Soundtrack News + TV Soundtrack Reviews

November 13, 2013 | By

Before I get to the soundtrack material, just a head’s up my teaser trailer for my video store doc BSV 1172 is now up & running on YouTube and Vimeo, with related blogs. Feel free to check out the video first in Chapter 3, and a making-of blog with vintage gear pictures in Chapter 4. The doc is more an exploration of a space in front of and behind the counter of one of Toronto’s biggest indie video stores, Bay Street Video, and features a unique fusion of vintage analogue and digital footage and effects.

Now then.

Fans of Jay Chattaway’s Maniac Cop 2 [M] score will be happy to know the roughly 35 min. score will be released on CD December 3 by Blue Underground. I think this is the video label’s first foray into soundtrack albums, and their debut release is limited to 1000 copies. I reviewed the old First Look DVD two years ago, and felt the movie, which co-stars Bruce Campbell, wasn’t just an underrated action classic with incredible stunt work (seriously: the car chases and man-on-fire sequences are superb), but features a solid score from Chattaway. I’ll pick up the Blu-ray ‘round Xmas and have a review in time for the seasonal holidays.

And speaking of Bruce, my review for Twilight Time’s new BR of Mindwarp (1992) will appear alongside The Other (1972) in an upcoming issue of Rue Morgue magazine. Co-starring with Phantasm’s Angust Scrimm, Mindwarp has Bruce Campbell as a manly hero, although because we’ve seen him get smacked around, tormented, and scream madly in Sam Raimi’s Evil Dead triptych, whatever performance gravitas kind of evaporates, and it often feels like we’re watching Ash survive that post-apocalyptic world that closed the European cut of Army of Darkness (1993).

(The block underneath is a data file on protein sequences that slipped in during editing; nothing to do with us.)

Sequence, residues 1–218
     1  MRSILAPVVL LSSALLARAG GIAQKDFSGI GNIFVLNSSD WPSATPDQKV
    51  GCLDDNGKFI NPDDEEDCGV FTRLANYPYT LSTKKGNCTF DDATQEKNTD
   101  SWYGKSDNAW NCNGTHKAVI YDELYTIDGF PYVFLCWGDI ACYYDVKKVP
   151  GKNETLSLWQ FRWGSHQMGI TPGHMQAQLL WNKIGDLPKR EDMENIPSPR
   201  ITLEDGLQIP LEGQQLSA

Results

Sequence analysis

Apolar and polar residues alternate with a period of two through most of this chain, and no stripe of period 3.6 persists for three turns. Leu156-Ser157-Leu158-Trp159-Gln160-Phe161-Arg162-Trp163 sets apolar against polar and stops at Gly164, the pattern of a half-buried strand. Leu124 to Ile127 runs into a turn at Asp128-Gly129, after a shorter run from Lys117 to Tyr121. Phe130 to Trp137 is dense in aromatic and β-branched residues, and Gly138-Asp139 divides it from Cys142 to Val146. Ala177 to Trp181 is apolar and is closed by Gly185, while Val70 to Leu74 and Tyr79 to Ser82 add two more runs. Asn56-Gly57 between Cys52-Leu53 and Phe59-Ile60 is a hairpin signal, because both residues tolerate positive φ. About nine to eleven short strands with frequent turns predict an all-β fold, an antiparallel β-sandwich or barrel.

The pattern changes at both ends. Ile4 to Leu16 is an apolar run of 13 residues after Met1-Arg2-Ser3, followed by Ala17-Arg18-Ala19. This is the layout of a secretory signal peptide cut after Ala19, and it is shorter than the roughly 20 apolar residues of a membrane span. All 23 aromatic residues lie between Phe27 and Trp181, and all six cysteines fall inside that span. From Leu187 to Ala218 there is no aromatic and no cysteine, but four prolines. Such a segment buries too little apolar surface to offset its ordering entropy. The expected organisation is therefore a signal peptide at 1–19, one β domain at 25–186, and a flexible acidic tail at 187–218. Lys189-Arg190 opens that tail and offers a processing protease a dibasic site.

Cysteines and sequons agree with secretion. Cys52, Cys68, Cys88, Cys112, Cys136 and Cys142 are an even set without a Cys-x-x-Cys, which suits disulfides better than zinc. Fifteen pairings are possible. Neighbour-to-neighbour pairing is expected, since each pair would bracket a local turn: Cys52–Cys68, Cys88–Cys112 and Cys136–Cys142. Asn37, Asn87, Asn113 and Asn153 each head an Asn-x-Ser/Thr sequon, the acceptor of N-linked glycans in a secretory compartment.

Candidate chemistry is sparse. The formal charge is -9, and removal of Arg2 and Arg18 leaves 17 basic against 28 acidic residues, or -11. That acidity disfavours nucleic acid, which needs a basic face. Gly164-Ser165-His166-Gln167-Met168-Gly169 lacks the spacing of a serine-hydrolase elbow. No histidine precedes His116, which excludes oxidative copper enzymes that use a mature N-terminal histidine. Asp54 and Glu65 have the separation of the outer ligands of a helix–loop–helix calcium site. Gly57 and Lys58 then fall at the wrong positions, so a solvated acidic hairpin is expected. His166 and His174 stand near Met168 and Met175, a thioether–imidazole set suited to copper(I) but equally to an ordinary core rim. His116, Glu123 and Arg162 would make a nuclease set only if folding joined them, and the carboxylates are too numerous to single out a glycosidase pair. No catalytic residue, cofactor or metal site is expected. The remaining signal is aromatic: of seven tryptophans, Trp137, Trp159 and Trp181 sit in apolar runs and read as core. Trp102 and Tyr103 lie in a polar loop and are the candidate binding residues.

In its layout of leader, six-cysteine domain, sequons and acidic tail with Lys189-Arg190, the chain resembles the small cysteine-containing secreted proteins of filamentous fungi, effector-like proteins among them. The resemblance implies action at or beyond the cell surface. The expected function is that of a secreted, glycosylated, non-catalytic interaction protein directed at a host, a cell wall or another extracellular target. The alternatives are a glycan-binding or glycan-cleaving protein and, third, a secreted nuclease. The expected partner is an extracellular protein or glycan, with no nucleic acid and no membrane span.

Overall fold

As for The Other, when the expanded review runs on, I’ll get into the film’s editing style, which is really unique for maintaining both unease and momentum in a rather slow-moving film. Like Mindwarp, The Other also features an isolated stereo score track.

Lastly, Perseverance Records announced Tangerine Dream’s Thief (1978) is being reissued from crisp masters, and will mark the first time those pesky cues – TD’s “Beach Scene” and Craig Safan’s “Confrontation” – exclusive to the European and U.S. releases respectively will appear on one disc. Great news, and a nice tie-in to Criterion’s upcoming Blu-ray edition of Michael Mann’s sleek crime classic.

I used to see the album cover in the LP bins at Records on Wheels when I was in high school, and gambled on the score having never seen the film, but being smitten by that gorgeous cover art that’s been reproduced by Perseverance. That platter – a nice British import, which was typical of the store – became an oft-played favourite, and it’s still a benchmark in electronic film music. (In fact I’m pretty sure as soon as I uploaded this post, I’ll reach for the album. The epic, nearly 11 min. “Diamond Diary,” the amorphous “Igneous” and the pulsing “Dr. Destructo” are amazing cues. Probably the best film tracks ever written by the band.)

Moving on, I’ve uploaded a quartet of 2-disc soundtrack albums released by La-La Land Record, of which two are from short-lived TV series: Bear McCreary’s music from the TV series Caprica [M], J. Peter Robinson’s Charmed [M], Mark Snow & Louis Febre’s Smallville [M], and Brian Tyler’s Terra Nova [M].

Coming next: review of Twilight Time’s Drums Along the Mohawk, and Tinto Brass’ Private and Snack Bar Budapest.





Mark R. Hasan, Editor ( Main Site / Mobile Site )

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